In addition to finding the right economic levers to stimulate production of creative works, economic studies of copyright also demonstrate the enormous impact copyright-based industries have on national economic welfare. While the impact can depend on what economic multipliers are used and how direct versus indirect benefits are calculated, there is no question that copyright industries in most economies are very significant as job creators and multipliers. For example, IP Australia in its most recent annual report estimates that cultural and creative activity contributes about 6% of Australian GDP annually, with design, fashion, publishing, broadcasting, electronic and digital media and film being the primary industries involved. In the US the figures are even more impressive. According to the International Intellectual Property Alliance, in 2021 (the last year for which statistics are apparently available), core copyright industries in the US, defined as those industries “whose primary purpose is to create, produce, distribute or exhibit copyright materials”, added $1.8 trillion to US GDP, accounting for 7.76% of the economy. Total copyright industries, a definition that includes industries partially dependent on copyright, such as fabric, jewellery or toys and games, account for another trillion USD, even when only a portion of their total value is included in the copyright calculation.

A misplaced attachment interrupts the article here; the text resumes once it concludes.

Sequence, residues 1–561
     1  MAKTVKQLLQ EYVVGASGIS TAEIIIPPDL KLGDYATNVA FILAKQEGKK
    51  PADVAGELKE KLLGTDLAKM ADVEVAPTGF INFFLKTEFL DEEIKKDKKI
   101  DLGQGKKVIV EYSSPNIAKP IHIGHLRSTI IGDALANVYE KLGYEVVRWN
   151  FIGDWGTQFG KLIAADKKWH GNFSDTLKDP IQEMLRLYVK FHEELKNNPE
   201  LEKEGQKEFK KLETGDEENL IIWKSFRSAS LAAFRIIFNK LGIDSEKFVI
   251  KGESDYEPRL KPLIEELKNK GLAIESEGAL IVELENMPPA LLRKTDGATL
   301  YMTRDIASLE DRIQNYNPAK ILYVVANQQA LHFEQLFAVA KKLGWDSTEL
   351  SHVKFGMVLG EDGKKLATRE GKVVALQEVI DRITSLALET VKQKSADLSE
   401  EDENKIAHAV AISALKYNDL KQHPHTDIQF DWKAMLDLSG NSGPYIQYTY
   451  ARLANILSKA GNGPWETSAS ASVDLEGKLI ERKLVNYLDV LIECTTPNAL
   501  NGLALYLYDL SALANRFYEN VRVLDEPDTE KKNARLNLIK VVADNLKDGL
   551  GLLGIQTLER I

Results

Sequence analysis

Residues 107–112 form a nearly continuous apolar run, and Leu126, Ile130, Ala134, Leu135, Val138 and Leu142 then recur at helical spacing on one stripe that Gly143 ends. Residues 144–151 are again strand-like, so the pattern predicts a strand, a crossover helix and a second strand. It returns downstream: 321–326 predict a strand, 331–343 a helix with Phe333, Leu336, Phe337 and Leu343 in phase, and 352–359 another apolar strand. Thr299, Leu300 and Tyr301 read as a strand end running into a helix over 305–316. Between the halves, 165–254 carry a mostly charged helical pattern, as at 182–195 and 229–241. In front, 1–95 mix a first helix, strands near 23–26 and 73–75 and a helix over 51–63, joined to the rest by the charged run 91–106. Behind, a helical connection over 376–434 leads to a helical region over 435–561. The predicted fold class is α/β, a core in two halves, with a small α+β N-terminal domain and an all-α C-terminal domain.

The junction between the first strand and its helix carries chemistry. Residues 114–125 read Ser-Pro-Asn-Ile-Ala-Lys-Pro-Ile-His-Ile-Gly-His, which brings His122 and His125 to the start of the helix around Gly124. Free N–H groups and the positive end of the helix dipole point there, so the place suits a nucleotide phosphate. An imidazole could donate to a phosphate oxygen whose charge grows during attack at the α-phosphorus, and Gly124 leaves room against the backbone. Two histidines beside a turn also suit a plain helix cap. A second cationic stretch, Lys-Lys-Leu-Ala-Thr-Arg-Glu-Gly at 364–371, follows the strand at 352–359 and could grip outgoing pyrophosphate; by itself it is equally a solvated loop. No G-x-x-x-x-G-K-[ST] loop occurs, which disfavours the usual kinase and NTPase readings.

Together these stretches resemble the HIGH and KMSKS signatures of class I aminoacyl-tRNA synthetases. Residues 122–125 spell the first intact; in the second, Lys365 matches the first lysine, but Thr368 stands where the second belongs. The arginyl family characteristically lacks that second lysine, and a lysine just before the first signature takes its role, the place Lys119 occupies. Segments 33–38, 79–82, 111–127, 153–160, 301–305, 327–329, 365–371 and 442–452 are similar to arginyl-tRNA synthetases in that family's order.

The UK Intellectual Property Office published its IP survey in 2022, comparing the role of patents, trademark, registered industrial designs and copyright. While copyright industries were on the low side for exports (£4.7 billion as opposed to patents at £120.6 billion, copyright’s “non-financial value-added output” (IP data is not available for the financial industries, thus the description of “non-financial”) trounced that of patent industries by almost 2:1. As with the US IIPA study, the UK report accounted for the degree to which certain industries depend on copyright, categorizing them as core, interdependent, partial or non-dedicated support industries, adjusting the amount of copyright contribution accordingly. Book publishing, for example, is considered a 100% copyright industry and its value is calculated as such, whereas for an industry such as paper manufacturing, only 25% of the value was included in the calculation of copyright benefits. This methodology followed that of the World Intellectual Property Organization, aka WIPO, which also conducts economic studies as well as assists national authorities with their own. Economists are careful people, not prone to exaggeration, and consistent methodology is important to ensure accurate measurement and reporting.